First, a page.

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Security firms analyze attack paths and seek out weak identities to find compromise vectors and critical assets that need better controls.

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As companies struggle with finding and closing off the paths that attackers could use to infiltrate and compromise their IT environments, security providers are rushing to offer security posture management — also known as exposure management — capabilities in their products.

Security posture management firm Cymulate announced in June a threat exposure management platform that takes data from a variety of sources — including an inventory of the company's assets, its vulnerabilities, potential attack paths, and adversaries tactics — to create a measure of risk. Last week, exposure management firm Tenable announced the release of identity-focused features in its Tenable One platform that can analyze Active Directory and Azure AD instances to find identity-based weaknesses, such as overpermissioned accounts, orphaned users, and anomalous identities.

Giving companies the ability to analyze combined vulnerability and identity data from the current corporate IT environment is a critical part of measuring exposure, says Nico Popp, chief product officer at Tenable.

"If you bring vulnerability management and identity exposure together, then you can actually do really interesting things," he says. "The two together let you really allow us to think as an attacker moving laterally across your environment to basically reach your most important assets."

Exposure management is a relatively young industry segment that has taken off, driven by predictions from analyst firms, such as Gartner, that companies will shift from vulnerability management, attack-surface management, and privileged-account management to the more holistic capability of managing their exposure to threats.

For organizations, exposure management promises better ways to secure their changing information technology environments as attacks evolve. Focusing on vulnerabilities and weak identities, as well as validating the threats that certain weaknesses represent, can help firms tackle the most critical security issues before they are exploited.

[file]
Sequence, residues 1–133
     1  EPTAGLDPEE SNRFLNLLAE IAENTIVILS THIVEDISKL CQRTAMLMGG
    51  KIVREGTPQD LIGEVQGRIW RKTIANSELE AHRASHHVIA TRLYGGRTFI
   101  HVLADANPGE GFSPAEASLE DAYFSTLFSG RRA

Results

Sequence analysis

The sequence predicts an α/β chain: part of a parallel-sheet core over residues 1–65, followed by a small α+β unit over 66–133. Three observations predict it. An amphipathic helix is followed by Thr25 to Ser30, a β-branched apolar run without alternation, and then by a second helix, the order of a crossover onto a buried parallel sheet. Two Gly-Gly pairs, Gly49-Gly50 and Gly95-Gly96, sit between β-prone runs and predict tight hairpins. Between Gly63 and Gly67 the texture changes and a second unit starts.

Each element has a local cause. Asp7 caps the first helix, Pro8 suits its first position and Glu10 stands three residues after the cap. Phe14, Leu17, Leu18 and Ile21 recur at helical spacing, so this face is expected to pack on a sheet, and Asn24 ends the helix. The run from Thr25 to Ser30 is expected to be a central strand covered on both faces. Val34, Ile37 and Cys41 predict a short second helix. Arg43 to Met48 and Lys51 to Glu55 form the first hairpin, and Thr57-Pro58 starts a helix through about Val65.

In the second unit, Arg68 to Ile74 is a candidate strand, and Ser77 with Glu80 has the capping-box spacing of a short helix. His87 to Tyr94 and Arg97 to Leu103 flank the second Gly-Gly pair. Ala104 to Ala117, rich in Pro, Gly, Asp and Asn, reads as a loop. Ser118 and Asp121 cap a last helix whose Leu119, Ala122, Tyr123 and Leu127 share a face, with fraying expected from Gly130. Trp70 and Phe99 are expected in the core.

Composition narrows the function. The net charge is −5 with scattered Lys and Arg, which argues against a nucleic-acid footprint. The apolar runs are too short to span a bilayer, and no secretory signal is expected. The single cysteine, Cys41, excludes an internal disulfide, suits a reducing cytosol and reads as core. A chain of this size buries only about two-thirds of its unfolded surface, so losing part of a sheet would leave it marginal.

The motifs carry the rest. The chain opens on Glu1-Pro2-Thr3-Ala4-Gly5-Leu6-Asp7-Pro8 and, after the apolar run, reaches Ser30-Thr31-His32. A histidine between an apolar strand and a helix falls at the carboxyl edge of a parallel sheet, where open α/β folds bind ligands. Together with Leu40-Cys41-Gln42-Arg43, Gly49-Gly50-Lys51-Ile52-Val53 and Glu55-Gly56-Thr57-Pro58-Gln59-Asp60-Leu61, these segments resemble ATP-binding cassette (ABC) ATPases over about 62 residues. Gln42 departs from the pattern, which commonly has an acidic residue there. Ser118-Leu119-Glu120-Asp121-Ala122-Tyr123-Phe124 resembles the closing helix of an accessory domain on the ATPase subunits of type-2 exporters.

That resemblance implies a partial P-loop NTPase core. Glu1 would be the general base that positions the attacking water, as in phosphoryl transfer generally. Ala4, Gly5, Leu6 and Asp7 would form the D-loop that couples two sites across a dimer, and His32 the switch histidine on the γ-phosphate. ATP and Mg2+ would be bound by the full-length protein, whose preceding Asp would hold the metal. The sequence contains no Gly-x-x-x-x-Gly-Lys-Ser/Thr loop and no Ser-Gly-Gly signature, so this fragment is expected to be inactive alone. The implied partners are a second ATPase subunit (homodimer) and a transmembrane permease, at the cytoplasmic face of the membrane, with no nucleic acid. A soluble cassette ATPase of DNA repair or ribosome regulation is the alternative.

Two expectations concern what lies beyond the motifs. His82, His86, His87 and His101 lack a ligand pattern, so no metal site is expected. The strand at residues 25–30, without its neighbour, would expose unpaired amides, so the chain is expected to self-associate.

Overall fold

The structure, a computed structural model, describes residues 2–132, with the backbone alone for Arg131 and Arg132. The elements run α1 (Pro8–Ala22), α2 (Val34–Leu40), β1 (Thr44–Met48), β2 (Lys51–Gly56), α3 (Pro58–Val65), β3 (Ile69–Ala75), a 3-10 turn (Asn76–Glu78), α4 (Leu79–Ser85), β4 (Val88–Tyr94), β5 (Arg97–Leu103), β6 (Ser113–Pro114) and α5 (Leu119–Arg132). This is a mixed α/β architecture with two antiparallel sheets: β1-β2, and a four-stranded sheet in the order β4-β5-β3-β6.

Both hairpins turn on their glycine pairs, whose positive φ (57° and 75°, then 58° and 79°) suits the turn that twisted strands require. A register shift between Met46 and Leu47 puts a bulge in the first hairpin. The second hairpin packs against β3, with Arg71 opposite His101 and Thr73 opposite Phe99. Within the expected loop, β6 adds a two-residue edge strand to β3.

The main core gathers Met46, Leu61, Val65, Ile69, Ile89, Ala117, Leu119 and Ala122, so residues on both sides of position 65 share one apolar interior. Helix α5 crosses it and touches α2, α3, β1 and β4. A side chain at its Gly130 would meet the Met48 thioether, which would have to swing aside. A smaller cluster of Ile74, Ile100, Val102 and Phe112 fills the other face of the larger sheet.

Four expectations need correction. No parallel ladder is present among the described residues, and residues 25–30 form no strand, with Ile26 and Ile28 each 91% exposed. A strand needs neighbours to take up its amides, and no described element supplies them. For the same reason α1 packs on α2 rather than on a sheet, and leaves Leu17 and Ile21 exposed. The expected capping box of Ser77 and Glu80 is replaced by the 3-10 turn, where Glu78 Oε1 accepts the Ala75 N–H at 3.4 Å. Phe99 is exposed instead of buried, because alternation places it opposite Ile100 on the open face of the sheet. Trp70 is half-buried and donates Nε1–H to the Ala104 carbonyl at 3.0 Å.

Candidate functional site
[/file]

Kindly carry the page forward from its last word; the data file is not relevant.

Combining a variety of data — such as the severity of the vulnerabilities, the value of the affected assets, and an attacker's ability to utilize an exploited system — allows companies to better gauge risk, says Erik Nost, a senior analyst in the security and risk group at Forrester Research.

"Organizations are all looking to inventory what they have and provide some perspective as to what they need to worry about," he says. "With attack path analysis, organizations can understand how attacks could be chained, how a vulnerability in an asset might relate to a certain family of malware, and if there are identities that live on this box that, if compromised, could then allow attackers to move to other boxes."

Exposure Focuses Increasingly on Identity

While vulnerability management firms have a natural evolution to exposure management, identity management and privileged access management (PAM) providers are increasingly transitioning as well. Typically, exposure management has been about vulnerabilities and misconfigurations, but many companies still have weaknesses due to overentitled accounts or users with a lot of standing privileges.

These are vulnerabilities as well, says Grady Summers, executive vice president of product at SailPoint Technologies.